Picture-rich book brings Nilgiris life to the fore

In ‘Soul of the Nilgiris’, Ramya makes out a case for indigenous people and their age-old wisdom.

Ramya Reddy (left) and Rohini Nilekani at Bangalore International Centre on Tuesday. Ramya says research was the most difficult part of writing the book.

The audience sat in rapt attention as carefully-curated images and the author’s skilful narration transported them to the misty peaks of the Nilgiris. From images of lush green foliage, blue skies, enchanting waterfalls, tribal women and men going about their lives and cooked food in clay pots to folklore, real stories and creative prose — Ramya Reddy’s book ‘Soul of the Nilgiris’ had it all.

The recently published book is a photographic anthology that showcases various aspects of the ‘Blue Mountain’ range deep in the Western Ghats of Southern India. An event, held at Bangalore International Centre on Tuesday, saw Ramya and Rohini Nilekani engage in deep discussion about the book and its message, with the latter eliciting laughs from the audience for her witty observations.

Researched, photographed by and written by Ramya Reddy, the book took almost seven years to come to life. Ramya, who stayed in the Nilgiris for some years while studying photography, says that the photo series began a decade ago but the trajectory took a complete turn when she met indigenous people of the region.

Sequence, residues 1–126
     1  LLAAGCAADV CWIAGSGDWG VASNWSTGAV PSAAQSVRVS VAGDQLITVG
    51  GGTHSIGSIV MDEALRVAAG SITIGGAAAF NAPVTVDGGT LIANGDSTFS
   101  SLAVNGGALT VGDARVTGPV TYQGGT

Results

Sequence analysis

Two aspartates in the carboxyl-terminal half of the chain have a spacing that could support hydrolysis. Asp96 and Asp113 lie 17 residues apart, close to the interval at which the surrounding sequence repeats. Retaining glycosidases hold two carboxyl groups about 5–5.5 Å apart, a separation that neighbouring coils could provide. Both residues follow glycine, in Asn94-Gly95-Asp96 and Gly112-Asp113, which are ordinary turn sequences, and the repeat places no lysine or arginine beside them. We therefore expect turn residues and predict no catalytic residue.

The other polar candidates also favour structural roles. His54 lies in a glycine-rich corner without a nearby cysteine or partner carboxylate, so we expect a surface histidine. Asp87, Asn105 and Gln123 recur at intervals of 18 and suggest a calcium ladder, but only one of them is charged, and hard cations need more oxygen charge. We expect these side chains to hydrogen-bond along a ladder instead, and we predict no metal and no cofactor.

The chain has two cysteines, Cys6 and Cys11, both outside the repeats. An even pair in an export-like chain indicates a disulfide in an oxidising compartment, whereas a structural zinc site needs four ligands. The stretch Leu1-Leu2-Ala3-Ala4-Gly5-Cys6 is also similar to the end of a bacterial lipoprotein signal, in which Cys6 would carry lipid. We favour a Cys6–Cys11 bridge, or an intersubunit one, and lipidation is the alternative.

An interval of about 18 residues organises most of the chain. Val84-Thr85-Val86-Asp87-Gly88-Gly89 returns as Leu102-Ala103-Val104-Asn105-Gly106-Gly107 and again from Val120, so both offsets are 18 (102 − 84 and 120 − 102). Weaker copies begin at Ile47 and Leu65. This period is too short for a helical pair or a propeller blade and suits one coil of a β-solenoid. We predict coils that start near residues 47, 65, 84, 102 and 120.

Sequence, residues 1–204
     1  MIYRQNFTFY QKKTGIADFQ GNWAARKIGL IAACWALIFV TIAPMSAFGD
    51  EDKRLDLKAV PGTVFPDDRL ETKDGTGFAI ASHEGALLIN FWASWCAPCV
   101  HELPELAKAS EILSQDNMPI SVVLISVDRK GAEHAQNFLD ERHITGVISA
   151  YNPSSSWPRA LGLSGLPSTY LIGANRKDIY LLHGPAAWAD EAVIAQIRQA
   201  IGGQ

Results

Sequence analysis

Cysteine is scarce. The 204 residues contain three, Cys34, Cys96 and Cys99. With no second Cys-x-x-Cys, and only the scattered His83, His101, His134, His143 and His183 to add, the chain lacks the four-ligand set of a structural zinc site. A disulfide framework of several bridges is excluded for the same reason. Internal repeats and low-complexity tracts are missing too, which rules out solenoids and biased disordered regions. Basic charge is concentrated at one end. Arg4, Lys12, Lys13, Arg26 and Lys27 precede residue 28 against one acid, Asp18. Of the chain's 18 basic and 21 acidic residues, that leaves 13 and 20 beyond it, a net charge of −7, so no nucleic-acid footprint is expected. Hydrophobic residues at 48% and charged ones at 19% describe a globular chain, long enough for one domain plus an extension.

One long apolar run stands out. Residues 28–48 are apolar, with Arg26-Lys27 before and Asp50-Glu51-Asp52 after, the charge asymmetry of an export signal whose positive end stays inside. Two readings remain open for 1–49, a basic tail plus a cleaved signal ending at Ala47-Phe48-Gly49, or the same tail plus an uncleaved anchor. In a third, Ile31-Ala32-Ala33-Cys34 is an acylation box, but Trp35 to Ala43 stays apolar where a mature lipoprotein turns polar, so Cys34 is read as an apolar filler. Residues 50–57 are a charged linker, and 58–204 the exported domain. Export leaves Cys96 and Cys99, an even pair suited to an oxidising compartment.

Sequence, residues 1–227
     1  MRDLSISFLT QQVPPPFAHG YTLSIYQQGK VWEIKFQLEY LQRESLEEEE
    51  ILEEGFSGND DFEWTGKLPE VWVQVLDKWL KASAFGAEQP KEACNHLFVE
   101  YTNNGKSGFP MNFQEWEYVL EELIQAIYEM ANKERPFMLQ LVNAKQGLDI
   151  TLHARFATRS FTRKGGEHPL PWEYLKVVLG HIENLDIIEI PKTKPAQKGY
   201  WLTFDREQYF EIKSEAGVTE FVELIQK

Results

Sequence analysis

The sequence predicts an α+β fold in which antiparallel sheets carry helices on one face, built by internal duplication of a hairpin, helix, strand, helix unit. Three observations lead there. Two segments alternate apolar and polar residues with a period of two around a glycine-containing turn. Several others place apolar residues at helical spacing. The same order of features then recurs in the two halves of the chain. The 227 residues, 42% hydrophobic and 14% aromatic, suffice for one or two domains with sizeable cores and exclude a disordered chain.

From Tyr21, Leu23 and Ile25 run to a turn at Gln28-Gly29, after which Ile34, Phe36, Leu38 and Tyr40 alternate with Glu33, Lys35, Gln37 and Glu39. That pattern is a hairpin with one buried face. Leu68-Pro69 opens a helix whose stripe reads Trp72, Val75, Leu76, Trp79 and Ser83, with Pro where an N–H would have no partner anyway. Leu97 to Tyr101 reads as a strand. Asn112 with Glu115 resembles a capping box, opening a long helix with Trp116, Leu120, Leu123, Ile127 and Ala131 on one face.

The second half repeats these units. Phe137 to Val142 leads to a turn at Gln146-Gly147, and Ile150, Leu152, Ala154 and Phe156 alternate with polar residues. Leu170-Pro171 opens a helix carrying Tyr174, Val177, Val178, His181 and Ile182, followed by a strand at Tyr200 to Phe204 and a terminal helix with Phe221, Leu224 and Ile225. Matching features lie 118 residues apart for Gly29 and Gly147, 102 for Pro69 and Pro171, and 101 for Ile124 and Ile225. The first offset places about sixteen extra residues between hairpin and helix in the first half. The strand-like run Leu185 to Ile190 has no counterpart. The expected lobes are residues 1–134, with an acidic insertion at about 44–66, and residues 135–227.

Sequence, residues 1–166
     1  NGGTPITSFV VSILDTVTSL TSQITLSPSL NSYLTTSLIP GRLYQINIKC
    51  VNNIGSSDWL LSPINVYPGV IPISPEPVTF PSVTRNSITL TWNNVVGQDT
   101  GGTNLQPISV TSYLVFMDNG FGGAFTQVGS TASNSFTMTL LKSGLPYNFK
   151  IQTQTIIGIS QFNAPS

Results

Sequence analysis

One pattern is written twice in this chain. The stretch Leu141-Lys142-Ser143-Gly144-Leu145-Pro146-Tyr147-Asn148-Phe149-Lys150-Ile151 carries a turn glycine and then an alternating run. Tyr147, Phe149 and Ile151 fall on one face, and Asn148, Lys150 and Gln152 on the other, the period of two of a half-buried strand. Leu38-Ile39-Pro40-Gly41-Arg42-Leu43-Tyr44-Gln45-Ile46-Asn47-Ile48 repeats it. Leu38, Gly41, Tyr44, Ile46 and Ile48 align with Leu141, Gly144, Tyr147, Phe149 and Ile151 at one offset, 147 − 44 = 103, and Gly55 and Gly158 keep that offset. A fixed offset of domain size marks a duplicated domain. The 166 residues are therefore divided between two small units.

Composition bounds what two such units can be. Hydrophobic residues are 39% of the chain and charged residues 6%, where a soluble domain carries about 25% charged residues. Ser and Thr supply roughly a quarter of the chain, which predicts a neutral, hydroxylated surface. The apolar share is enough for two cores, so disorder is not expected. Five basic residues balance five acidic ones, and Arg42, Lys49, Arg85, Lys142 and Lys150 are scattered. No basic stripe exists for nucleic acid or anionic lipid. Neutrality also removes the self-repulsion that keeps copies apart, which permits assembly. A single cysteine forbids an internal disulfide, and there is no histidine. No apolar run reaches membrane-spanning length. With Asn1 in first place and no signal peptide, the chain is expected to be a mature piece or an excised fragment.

So apart from chronicling the endemic and endangered species of flora and fauna, it also explores the region’s cultural and spiritual traditions and has personal stories of members of the indigenous community staying there and the author’s interactions with them.

One of the unique characteristics of the book is that the spine of each copy has a strip of Toda Embroidery. It is an artwork done by the Toda pastoral people of Nilgiris.

Ramya said that she commissioned it from the women who are the characters in the book and it took them two years to sew all the covers. 

As pictures played on the screen, she went on to talk about the 70-year-old tribal grandmother who was sewing a funerary cloak for herself and determined to make it the most beautiful garment, a Kurumba artist who made paintings with ingredients sourced from the forest, an old tribal midwife and healer who was now a reporter with a local Adivasi paper but still clung to her secret healing methods and tribal men who would scale and suspend from impossible heights on hills with the help of tree vine ladders to collect honey.

Later on, Rohini and Ramya talked about how city-dwellers could help preserve indigenous culture and ancient wisdom. 

Highlighting the need to stop the exoticising and patronising of tribals, Ramya said that indigenous knowledge should be taught in schools, especially tribal ones, and there should be a platform for adivasis to be able to sell their rural produce. 

The floor was later opened to the audience who could ask questions. While Ramya’s grandfather praised her hard work, others spoke about issues ranging from climate change, exploitation of tribes and religious conversion to the recent SC ruling. 

All proceeds from the sale of the book will go to Keystone Foundation in Nilgiris.

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Picture-rich book brings Nilgiris life to the fore

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